Closure

It’s funny. I actually haven’t been doing these blog posts in the past two years–have been extremely busy with momming and publishing Macaroni Kid, first, in Northwest Jersey, then on the Upper West side through Inwood, in Manhattan. Life is completely different and much the same since I last blogged on MomPress. The unaffordable dream house is gone. I mean, it’s still there, but we no longer live in it. We’re back in the city–an unlikely financially motivated move that was decided upon in a rare moment of clarity amidst the chaos of mounting medical bills, heating bills, car insurance bills, commuter bills, missed mortgage payments and the like. It helped that it was not just us–dozens of homes in our old neighborhood were shuttered, abandoned, their lawns overgrown with weeds and covered with branches from storms long-passed. Most of them have no “for sale” sign–Who would buy a house that’s worth a quarter of its listed value? Many of them are covered with tell-tale door stickers and notes–warnings to pay or else this or that would be shut off…notices that this or that has been shut off…It’s an epidemic, foreclosure. Not JUST in our old neighborhood, but everywhere.

So we are here now. Starting over again. Older, yes. Wiser? Perhaps. Hopeful that we won’t go under again. Closer to work. Closer to opportunity. Sigh.

That old friend I mentioned in my last post–my old roommate from the 80s–was in town last night. Her band was playing a gig on East Houston Street. I rarely get out at night anymore and always feel guilty when I do go somewhere before the kids are in bed. But my husband was willing to stay home and man the fort, so I went with another old friend from my previous life –another who knew me as me, not as “mom,” who now appreciates me for who I was and for who I am, another ex-and-new-again New Yorker returning to the city to try her hand at hope once more. Together, we braved trains and miles of pavement to show up and show our support for the old friend who never stopped being who she always has been. Still a musician. Still slight, thin, perky, hopeful. Childless, husbandless, happy to make music and do her thing.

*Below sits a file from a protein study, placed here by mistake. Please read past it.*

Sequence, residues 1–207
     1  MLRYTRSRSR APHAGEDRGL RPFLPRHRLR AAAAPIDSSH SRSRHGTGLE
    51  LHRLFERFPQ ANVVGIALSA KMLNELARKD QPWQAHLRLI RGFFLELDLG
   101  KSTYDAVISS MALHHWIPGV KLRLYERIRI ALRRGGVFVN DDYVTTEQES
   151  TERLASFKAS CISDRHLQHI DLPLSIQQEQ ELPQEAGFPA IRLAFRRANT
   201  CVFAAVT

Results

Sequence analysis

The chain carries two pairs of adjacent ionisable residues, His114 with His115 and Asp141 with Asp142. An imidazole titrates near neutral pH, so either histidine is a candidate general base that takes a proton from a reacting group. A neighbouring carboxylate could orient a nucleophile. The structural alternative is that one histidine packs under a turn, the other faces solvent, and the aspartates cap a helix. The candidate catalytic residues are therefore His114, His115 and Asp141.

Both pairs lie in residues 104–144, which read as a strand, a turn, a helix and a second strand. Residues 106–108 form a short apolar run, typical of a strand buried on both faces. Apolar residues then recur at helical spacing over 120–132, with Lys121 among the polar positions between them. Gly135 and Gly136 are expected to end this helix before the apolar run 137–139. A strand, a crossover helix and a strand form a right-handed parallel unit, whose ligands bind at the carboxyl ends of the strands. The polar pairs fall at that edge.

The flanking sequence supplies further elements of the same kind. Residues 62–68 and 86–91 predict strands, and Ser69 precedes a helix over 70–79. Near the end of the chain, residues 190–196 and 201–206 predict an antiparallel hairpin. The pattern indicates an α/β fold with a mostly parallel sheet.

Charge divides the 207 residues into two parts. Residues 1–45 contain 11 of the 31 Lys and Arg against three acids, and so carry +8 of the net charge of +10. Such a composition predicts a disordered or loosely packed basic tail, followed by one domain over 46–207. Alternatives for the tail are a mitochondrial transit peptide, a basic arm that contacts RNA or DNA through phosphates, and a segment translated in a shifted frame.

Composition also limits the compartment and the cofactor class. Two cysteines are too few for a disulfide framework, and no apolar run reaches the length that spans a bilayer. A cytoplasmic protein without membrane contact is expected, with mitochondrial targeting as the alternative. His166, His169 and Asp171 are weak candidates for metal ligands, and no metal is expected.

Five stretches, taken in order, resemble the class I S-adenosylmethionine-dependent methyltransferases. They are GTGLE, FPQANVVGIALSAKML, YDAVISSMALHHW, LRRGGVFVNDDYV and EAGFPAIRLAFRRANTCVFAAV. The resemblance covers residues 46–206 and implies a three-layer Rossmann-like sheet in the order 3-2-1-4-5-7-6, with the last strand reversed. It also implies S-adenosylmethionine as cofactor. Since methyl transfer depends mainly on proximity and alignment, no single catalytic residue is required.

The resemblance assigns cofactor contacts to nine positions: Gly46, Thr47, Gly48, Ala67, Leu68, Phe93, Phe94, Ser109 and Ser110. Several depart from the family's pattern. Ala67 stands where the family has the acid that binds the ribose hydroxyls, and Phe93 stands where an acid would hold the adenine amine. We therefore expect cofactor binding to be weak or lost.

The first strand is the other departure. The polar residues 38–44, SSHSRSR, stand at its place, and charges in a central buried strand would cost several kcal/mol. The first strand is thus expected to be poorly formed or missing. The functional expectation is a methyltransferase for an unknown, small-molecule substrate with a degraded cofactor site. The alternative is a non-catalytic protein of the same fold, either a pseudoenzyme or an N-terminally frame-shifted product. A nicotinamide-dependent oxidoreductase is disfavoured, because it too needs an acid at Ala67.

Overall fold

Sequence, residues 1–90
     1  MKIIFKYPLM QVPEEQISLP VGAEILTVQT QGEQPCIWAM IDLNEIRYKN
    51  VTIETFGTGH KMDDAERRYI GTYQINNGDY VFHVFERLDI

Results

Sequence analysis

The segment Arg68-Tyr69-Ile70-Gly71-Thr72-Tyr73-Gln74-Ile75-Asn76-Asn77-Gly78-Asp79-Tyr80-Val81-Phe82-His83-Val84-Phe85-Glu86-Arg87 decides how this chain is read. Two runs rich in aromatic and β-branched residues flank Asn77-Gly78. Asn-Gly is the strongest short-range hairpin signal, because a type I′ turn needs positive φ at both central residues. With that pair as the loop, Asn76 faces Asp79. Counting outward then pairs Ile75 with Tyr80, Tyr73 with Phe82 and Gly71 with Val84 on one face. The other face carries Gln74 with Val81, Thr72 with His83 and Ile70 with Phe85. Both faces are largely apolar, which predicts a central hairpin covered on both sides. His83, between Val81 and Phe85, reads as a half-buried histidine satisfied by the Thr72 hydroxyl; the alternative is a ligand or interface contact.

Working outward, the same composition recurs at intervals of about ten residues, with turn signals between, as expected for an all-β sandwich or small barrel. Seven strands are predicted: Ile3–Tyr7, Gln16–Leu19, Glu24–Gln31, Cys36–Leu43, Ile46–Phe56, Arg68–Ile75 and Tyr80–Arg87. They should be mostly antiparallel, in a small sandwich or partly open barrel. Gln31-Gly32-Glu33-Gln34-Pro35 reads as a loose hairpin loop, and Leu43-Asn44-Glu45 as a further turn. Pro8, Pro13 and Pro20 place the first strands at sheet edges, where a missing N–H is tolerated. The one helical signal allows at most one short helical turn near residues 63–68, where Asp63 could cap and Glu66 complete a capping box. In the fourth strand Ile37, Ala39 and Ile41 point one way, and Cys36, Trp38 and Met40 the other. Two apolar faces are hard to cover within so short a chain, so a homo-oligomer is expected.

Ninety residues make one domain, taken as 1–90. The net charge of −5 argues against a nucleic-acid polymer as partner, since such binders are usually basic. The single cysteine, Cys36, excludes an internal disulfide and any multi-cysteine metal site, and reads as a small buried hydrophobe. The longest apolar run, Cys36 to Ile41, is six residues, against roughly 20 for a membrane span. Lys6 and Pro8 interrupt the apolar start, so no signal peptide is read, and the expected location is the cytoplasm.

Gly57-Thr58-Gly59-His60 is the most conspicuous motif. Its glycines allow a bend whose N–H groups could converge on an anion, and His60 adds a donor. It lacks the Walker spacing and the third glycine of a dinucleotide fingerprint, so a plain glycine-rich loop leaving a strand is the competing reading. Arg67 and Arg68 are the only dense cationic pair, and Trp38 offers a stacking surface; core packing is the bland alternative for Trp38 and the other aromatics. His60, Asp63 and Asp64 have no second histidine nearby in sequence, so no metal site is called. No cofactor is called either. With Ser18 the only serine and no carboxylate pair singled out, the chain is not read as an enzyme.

We were late getting to the gig–mis-estimated the walking miles–so she was already midway through her set when we arrived, standing awkwardly in front of the stage because there were no available seats in the tiny club filled with college-aged alternative music fans. I was three feet from her, but she looked right through me as she sang. It took me a few minutes to realize that she didn’t recognize her old friend and roommate–me. I was invisible–a mere shape with teeth–and not the shape she remembered, but now a middle-aged mom shape. She sang through her set, and I continued trying to catch her eye or get her attention with catcalls and applause after each song–surely she would recognize my voice from across the room where I finally ended up sitting with my friend when two tables got up to leave…Nope.

The set was over, and I presented myself, tentatively, to offer praise to my old buddy who looked about 20 and wore a short dress and cowboy boots. I watched her eyes widen as she realized it was me–not just a blob with a smile–her old best friend and roomie, changed, but here.

Wild hugs. Euphoria. Surprise. Excuses for not having recognized me at first–not wearing her progressive lenses while onstage, etc. And by the way, look who I am standing beside now–Now it’s MY turn to be shocked. Her ex-boyfriend from 25 years before. Stockier, less hair, a tired smile on his face. It takes him a moment or two to recognize me as well. Then a slow hug and catching up quickly, as he has to be up at 6:30 am the next morning, and it’s after midnight now, so he must leave soon. His son is 14. He works in computers. No mention of his wife, but my friend later tells me that he and the wife have “an understanding” of some sort, and he has joined social networking sites for other married people with similar “understandings.” Oh.

More later. Have to pick up the kids.

So…Where was I? Oh…

This is now three days later, as I posted the rest of the blog post, but it got deleted…

I guess there’s no real point to going on about visit. It was nice to see her.She looked fantastic. We went next door to a noisy Cuban bar to schmooze, then we had lunch at an Indian restaurant the next day and caught up. Brief. Friendly. Moving right along…

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